Pessimistic people, who worry their golden years will be filled with trials and troubles, may be causing those fears to come true. A recent study, however, suggests that fighting the negative stereotypes associated with aging could have broad benefits for public health.

The new study finds that older Americans with negative beliefs about aging were significantly more likely to develop dementia than their peers who embraced their senior years with enthusiasm and optimism.

Study participants who had positive beliefs about aging were 44% less likely to develop dementia over the next four years than were their counterparts with negative beliefs, according to researchers at the Yale School of Public Health.

 

Even after the researchers accounted for other risk factors for dementia — including smoking, diabetes and cardiovascular disease — they still found that the odds for developing dementia were lower among those with a positive attitude toward aging.

 

The researchers also concluded that the apparent benefits of a positive outlook were even greater among the subgroup of adults whose genes put them at greater risk of dementia. In fact, the researchers said, a positive attitude toward aging could essentially erase the handicap associated with carrying a risky variant of the APOE gene. (A gene known to influence the risk of developing certain types of Alzheimer disease).

The research was conducted by Becca Levy of the Yale School of Public Health and relied on survey results from the Health and Retirement Study–a study conducted every other year by the University of Michigan Institute of Social Research. The research was published recently at the open access journal, PLOS One

Levy and her team focused on a cohort of 4,765 older Americans (their average age was 72) who answered five questions about their attitudes toward aging. For example, study participants were asked whether they were as happy now as they were when they were younger, and whether they felt that things got better or worse with age.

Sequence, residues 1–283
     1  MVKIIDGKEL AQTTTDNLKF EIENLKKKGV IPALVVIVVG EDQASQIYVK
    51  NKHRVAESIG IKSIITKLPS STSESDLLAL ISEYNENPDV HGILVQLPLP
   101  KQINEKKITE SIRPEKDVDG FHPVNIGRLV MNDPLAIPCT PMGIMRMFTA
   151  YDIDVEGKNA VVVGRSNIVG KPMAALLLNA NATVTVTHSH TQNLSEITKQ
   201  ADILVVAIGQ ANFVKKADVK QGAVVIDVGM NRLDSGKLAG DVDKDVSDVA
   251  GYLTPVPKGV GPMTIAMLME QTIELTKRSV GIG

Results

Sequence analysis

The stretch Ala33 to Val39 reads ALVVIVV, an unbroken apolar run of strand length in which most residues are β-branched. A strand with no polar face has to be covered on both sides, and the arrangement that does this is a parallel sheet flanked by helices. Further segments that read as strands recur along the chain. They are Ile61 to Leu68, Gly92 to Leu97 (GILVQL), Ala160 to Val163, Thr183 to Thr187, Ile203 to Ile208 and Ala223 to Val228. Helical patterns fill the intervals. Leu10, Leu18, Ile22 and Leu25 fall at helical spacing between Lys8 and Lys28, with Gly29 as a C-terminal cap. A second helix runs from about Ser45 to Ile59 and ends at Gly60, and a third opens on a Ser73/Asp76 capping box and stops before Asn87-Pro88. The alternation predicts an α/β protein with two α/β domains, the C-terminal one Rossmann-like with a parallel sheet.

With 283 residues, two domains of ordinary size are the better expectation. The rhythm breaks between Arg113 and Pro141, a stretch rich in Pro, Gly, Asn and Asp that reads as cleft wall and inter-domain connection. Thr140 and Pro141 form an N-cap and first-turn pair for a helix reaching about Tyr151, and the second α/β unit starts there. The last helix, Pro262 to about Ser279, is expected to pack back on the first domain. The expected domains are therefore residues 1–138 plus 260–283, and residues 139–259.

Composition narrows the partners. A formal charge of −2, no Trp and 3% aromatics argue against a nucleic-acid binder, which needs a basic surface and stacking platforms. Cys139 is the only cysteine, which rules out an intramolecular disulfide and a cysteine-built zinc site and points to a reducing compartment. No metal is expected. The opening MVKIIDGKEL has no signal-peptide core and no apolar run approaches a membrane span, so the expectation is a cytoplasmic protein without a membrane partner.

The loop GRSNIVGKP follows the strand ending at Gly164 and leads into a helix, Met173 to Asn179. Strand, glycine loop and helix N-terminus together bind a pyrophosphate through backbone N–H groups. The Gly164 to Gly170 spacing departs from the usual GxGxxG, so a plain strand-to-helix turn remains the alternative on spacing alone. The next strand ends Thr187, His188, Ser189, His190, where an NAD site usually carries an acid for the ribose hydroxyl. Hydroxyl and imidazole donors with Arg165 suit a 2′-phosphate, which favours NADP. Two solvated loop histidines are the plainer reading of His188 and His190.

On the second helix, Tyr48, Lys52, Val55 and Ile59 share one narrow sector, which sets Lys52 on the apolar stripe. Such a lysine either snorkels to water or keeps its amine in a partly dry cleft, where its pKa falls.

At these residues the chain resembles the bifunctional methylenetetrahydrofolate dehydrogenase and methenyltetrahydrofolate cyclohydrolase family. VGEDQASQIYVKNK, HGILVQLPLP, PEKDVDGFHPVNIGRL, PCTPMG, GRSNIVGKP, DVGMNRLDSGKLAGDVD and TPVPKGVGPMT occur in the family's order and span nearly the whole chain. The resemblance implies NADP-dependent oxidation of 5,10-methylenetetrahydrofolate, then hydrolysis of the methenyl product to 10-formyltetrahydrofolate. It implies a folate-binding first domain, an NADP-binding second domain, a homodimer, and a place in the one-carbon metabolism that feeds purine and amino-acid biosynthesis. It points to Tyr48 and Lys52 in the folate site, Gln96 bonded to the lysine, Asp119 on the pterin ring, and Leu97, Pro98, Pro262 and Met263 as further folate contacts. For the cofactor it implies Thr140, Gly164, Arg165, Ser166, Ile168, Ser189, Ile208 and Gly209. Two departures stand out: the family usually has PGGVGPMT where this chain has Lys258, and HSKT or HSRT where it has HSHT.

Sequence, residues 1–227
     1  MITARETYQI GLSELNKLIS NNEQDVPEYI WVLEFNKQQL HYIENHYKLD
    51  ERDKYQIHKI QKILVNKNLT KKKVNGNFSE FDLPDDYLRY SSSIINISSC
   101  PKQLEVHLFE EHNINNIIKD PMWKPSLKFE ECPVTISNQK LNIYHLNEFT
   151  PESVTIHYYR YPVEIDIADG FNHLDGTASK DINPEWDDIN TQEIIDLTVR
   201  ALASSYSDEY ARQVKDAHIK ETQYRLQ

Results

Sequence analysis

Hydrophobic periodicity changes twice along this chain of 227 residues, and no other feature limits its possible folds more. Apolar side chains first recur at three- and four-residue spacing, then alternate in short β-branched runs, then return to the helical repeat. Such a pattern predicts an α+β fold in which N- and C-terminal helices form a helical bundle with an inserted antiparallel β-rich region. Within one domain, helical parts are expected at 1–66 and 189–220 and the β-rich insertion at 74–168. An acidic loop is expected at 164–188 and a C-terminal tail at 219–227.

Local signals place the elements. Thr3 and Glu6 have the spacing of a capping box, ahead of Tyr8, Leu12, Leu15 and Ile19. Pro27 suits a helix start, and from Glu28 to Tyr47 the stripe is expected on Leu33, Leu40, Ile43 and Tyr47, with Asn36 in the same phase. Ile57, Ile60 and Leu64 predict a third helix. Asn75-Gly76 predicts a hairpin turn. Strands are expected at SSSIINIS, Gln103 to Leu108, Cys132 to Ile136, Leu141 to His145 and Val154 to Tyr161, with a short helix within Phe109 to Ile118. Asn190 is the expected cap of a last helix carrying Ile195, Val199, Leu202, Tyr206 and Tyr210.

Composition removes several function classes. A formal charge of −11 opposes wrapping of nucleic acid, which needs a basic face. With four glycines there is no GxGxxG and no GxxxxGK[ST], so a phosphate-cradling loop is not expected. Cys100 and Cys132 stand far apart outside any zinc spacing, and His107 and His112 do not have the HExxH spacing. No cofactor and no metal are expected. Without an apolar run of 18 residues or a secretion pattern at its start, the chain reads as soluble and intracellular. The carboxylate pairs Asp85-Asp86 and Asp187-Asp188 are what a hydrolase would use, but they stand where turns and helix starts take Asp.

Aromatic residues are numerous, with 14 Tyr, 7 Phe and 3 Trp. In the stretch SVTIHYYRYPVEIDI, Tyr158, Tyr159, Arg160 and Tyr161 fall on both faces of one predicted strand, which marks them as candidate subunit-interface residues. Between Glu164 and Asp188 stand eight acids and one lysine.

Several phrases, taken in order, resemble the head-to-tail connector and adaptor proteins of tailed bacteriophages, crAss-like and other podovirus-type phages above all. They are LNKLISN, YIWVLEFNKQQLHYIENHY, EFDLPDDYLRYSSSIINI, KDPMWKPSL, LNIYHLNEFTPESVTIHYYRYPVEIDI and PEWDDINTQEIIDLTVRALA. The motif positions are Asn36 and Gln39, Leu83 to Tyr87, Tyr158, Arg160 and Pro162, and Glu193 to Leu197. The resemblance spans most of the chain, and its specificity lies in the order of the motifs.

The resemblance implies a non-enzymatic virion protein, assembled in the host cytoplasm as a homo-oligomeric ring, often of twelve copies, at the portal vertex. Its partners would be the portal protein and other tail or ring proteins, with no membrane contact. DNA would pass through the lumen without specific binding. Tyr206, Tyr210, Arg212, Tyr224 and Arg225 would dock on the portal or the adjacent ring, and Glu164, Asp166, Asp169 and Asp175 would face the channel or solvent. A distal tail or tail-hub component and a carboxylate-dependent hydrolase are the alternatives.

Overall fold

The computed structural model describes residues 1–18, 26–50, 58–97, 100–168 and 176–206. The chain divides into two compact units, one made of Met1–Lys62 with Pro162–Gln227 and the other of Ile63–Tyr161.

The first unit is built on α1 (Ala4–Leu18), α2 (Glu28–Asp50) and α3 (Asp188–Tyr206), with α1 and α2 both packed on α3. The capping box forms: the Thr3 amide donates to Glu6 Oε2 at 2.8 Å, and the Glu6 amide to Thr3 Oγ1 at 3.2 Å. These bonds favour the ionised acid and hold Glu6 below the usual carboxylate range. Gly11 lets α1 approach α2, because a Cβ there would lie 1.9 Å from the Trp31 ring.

Although the study had no direct connection to hearing loss, the relationship between a person’s outlook and risk of developing dementia is likely to resonant with the hearing health care community. As hearing care professionals know, pessimistic adults can be difficult to help. If, as this study suggests, helping people overcome these negative thoughts might carry over in other functional areas, including hearing.

 

Source: Karen Kaplan, Los Angeles Times, February 7, 2018

One Response to Is pessimism about getting old a risk factor for dementia?

  1. Jay Muhury says:

    Active thinking does delay onset of dementia, if there are gene mutations in the family line. Negative thinking does not necessarily shorten life and cannot be a statistical conclusion. Negative thinking my lead to self isolation but dementia causes physiologic changes due to reduced neuron activity that create a stagnant pool of amyloid proteins that eventually choke these neurons. Unfortunately, drainage of amyloids is a very slow process. Pessimism is a psychological condition and probably related to life’s events and struggles. But there is no behavioral link to early death or dementias.

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